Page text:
The Department of Homeland Security's Science and Technology Directorate, the U.S. Coast Guard, and two technology companies have agreed to begin testing eLORAN technology in the United States as a complement to GPS. The action could help push eLORAN forward on the global stage--and that could put the technology into the purview of the world's wireless industry since eLORAN technology has been described as much more effective than GPS at locating indoor users.
DHS' Science and Technology Directorate and the U.S. Coast Guard said they are working with Exelis (a global aerospace, defense, information and services company) and UrsaNav (an engineering and information solutions company that supplies eLORAN equipment) on a cooperative research and development agreement. The entities plan to use former LORAN-C sites to test eLORAN low frequency service.
"The team will evaluate eLORAN as a potential complementary system to the current Global Positioning System (GPS) currently in wide use throughout the United States. The capabilities and potential utilization methods of eLORAN will be explored in depth to identify all strengths, capacities, and potential vulnerabilities of the technology," the entities said in a release announcing their move.
Exelis said it plans its first eLORAN broadcast from Wildwood, N.J. The company said the test will likely create a usable signal at a range up to 1,000 miles. The technology works on a different frequency than GPS and can be used to strengthen location information in cases where GPS is unavailable or has been blocked.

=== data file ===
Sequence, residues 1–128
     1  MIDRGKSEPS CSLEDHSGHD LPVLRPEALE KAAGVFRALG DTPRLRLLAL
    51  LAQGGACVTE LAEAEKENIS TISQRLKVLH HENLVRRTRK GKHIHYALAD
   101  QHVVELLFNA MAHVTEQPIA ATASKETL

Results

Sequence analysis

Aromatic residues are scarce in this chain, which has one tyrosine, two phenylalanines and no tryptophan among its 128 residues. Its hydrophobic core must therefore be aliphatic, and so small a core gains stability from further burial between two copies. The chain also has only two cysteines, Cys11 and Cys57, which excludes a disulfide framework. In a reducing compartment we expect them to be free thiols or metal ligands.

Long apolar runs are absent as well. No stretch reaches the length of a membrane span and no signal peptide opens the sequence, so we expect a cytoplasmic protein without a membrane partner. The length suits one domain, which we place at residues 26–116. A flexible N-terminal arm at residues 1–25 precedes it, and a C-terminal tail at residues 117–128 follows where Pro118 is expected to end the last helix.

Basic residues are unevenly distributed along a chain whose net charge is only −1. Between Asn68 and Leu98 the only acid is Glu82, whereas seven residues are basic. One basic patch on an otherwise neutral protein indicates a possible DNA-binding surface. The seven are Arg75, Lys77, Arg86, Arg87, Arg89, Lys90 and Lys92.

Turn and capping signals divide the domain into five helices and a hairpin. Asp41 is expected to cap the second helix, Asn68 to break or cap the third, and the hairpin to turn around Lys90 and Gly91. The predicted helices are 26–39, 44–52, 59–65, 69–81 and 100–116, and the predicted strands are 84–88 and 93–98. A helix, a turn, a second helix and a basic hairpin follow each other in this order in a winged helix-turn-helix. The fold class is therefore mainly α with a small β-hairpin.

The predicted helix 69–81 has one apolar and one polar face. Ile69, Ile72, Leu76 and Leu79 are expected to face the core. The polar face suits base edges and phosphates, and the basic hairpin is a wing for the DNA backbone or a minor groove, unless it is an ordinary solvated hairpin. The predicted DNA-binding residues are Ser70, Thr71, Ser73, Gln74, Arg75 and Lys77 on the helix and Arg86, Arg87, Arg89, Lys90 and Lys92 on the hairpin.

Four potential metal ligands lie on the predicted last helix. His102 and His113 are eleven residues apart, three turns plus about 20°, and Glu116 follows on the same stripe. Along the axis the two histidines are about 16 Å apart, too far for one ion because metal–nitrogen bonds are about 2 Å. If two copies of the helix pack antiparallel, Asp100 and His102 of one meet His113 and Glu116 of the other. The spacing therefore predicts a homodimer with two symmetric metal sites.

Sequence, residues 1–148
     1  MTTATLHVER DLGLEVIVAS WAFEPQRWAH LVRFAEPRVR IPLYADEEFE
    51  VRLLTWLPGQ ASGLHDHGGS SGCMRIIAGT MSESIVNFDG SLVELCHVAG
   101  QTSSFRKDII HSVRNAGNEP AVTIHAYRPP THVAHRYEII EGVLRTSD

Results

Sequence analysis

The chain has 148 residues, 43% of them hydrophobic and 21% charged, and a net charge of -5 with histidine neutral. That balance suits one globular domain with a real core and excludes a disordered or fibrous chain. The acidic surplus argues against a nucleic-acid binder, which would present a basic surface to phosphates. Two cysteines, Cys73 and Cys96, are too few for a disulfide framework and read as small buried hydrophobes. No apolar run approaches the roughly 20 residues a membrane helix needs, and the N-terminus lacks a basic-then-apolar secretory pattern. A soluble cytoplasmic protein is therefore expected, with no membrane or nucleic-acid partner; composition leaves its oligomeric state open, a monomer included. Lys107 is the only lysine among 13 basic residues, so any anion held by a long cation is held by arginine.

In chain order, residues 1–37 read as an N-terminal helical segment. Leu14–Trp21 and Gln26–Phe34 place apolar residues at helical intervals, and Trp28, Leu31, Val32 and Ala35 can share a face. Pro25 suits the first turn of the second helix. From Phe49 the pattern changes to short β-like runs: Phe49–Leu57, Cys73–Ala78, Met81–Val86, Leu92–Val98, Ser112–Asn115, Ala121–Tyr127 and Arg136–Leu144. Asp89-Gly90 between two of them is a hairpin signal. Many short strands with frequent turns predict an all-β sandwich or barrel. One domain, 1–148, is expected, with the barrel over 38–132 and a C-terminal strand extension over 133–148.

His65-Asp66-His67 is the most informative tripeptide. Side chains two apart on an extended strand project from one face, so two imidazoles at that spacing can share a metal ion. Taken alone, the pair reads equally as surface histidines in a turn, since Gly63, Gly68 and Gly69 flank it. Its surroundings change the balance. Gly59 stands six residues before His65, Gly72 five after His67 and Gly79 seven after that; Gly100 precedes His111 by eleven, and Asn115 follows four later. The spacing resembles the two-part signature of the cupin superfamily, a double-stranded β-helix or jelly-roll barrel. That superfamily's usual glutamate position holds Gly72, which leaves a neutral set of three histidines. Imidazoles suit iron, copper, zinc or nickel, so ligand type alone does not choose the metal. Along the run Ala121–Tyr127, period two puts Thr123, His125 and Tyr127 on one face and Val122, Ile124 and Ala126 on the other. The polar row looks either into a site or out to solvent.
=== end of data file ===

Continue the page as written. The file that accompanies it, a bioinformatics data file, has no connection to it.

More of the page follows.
"eLORAN is an ideal technology to complement GPS for critical, resilient and assured PNT (precise positioning, navigation and timing)," Ed Sayadian, vice president of Civil & Aerospace Systems for Exelis, said in a release. "eLORAN is a difficult to disrupt technology that offers PNT and wide area broadcast data capabilities indoors, in underground locations and other GPS-denied environments."
It's exactly that element of eLORAN that could make it relevant for the telecommunications industry. As Inside GNSS points out in a detailed article on eLORAN, the technology could improve wireless communications inside of buildings because operators would not have to connect a GPS antenna to the roof in order to obtain GPS signals. According to the article, such GPS signals provide the timing information necessary for the operation of wireless networks.
"If you have a tall building with a huge number of occupants and you want a space on the roof, you pay through the nose for it. Now eLORAN delivers that timing indoors at ground level, even under the ground." David Last told Inside GNSS recently. Last is an official with the General Lighthouse Authority (GLA), which manages the eLORAN system for the United Kingdom and Ireland.
Despite the vote of interest in eLORAN from the DHS' Science and Technology Directorate and the U.S. Coast Guard, the technology is not uniformly spreading across the globe. As Inside GNSS pointed out, French and Norwegian officials don't plan to support eLORAN and are in the process of switching off their stations.
Meantime, other international players are moving to support the technology. According to Lloyd's List, UK-based shipping company Euroship Services has conducted successful trials of eLORAN technology--Euroship managing director Frank Davies told the publication that GPS signals sometimes get distorted when ships travel under bridges, and eLORAN can alleviate that situation.
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